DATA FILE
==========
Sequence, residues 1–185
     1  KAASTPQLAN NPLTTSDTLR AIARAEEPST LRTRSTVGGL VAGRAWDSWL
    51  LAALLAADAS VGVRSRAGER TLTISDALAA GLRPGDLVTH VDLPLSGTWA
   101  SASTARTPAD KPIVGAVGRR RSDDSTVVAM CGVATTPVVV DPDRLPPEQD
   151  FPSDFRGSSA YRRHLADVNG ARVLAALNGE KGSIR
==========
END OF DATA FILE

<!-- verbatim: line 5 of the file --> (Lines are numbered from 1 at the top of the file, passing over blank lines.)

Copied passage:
   151  FPSDFRGSSA YRRHLADVNG ARVLAALNGE KGSIR